IP NAT Port-Based ("Overloaded") Operation: Network Address Port Translation (NAPT) / Port Address Translation (PAT)
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Both traditional NAT and bidirectional NAT work by swapping inside network and outside network addresses as needed to allow a private network to access a public one. For each transaction, there is a one-to-one mapping between the inside local address of a device on the private network, and the inside global address that represents it on the public network. We can use dynamic address assignment to allow a large number of private hosts to share a small number of registered public addresses.
However, there is a potential snag here. Consider our earlier NAT example, where 250 hosts share 20 inside global (public) addresses. If 20 hosts already have transactions in progress, what happens when the 21st tries to access the Internet? There aren't any inside global addresses available for it to use, so it won't be able to.
Fortunately, there is a mechanism already built into TCP/IP that can help us alleviate this situation. The two TCP/IP transport layer protocols, TCP and UDP, both make use of additional addressing components called ports. The port number in a TCP or UDP message helps identify individual connections between two addresses. It is used to allow many different applications on a TCP/IP client and server to talk to each simultaneously, without interference. For example, you use this capability when you open multiple browser windows to access more than one Web page on the same site at the same time. This sharing of IP addresses amongst many connections is called multiplexing. The section on TCP and UDP ports describes all of this in much more detail.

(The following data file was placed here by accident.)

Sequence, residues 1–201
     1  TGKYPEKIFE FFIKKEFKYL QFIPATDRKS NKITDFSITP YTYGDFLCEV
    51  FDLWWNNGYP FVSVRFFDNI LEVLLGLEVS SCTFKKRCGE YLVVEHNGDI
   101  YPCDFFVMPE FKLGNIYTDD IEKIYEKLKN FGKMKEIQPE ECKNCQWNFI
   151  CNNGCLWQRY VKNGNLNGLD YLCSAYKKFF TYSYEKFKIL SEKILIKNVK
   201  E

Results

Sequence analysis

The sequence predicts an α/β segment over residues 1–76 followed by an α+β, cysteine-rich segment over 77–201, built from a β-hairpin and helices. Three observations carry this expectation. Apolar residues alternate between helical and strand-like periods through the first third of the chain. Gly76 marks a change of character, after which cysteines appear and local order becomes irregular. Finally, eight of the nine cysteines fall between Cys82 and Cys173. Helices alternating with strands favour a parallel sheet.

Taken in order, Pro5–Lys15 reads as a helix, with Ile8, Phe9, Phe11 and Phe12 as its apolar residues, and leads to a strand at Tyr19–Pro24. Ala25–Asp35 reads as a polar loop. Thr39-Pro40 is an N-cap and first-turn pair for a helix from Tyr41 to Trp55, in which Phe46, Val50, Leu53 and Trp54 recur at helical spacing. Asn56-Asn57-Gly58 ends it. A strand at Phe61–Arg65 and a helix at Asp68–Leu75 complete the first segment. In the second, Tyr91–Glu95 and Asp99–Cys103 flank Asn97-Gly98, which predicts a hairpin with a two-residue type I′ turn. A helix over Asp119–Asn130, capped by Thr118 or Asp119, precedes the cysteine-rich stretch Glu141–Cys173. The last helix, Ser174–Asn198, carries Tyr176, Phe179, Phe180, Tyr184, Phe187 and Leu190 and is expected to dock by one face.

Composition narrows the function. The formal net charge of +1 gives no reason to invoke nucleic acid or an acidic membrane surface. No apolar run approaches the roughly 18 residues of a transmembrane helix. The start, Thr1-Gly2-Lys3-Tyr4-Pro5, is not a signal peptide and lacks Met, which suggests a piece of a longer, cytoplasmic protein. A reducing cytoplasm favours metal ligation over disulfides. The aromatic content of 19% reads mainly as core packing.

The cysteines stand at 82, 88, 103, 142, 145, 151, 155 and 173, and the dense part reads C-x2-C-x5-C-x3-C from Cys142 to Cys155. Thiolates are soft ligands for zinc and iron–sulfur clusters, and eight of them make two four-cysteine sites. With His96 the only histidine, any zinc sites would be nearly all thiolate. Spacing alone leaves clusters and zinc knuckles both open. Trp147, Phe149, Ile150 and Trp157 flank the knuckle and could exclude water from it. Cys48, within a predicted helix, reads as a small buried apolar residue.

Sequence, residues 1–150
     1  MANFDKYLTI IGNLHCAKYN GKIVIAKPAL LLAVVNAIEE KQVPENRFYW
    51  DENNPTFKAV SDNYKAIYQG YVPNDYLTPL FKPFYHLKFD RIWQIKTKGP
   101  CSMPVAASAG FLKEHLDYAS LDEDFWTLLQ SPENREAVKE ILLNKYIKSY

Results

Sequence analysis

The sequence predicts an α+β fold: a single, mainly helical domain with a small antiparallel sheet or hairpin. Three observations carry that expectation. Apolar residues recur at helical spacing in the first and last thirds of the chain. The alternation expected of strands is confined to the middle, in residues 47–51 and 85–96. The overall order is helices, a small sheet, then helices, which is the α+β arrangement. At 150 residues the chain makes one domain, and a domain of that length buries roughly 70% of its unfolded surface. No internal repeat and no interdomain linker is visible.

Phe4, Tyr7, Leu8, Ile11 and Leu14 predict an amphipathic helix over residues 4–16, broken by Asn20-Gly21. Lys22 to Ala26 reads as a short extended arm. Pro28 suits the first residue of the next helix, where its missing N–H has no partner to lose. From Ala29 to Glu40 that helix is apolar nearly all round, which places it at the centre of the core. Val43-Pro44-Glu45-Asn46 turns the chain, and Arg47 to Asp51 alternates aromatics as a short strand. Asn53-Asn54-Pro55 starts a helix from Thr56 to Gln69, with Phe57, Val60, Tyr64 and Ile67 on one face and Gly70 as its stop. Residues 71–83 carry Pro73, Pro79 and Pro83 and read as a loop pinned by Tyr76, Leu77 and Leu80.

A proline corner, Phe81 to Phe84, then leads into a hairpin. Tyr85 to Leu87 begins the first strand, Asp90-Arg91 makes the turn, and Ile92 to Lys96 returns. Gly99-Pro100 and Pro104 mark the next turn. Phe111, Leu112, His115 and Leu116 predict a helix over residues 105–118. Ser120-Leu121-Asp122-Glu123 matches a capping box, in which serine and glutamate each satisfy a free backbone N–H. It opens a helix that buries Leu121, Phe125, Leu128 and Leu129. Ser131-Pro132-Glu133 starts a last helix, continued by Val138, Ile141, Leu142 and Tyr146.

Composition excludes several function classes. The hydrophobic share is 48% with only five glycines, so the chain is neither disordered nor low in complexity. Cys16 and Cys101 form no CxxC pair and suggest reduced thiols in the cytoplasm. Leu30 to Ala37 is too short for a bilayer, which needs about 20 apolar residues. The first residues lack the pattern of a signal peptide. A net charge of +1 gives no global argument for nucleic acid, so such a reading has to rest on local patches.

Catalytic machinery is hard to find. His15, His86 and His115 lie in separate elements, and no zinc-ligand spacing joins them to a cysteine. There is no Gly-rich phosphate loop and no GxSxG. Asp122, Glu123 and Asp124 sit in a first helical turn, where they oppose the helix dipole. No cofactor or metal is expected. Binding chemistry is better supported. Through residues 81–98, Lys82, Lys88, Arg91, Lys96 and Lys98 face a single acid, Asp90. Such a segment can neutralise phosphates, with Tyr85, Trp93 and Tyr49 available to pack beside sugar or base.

Now, let's come back to NAT. We are already translating IP addresses as we send datagrams between the public and private portions of the internetwork. What if we could also translate port numbers? Well, we can! The combination of an address and port uniquely identifies a connection. As a datagram passes from the private network to the public one, we can change not just the IP address but also the port number in the TCP or UDP header. The datagram will be sent out with a different source address and port. The response will come back to this same address and port combination (called a socket) and can be translated back again.
This method goes by various names. Since it is a technique whereby we can have multiple inside local addresses share a single inside global address, it is called overloading of an inside global address, or alternately, just overloaded NAT. More elegant names that better indicate how the technique works include Port-Based NAT, Network Address Port Translation (NAPT) and Port Address Translation (PAT).
Whatever its name, the use of ports in translation has tremendous advantages. It can allow all 250 hosts on our private network to use only 20 IP addressesand potentially even fewer than that. In theory you could even have all 250 share a single public IP address at once! You don't want to share so many local hosts that you run out of port numbers, but there are thousands of port numbers to choose from.
Port-based NAT of course requires a router that is programmed to make the appropriate address and port mappings for datagrams as it transfers them between networks. The disadvantages of the method include this greater complexity, and also more potential compatibility issues (such as with applications like FTP) since we must now watch for port numbers at higher layers and not just IP addresses.
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Version 3.0 - Version Date: September 20, 2005
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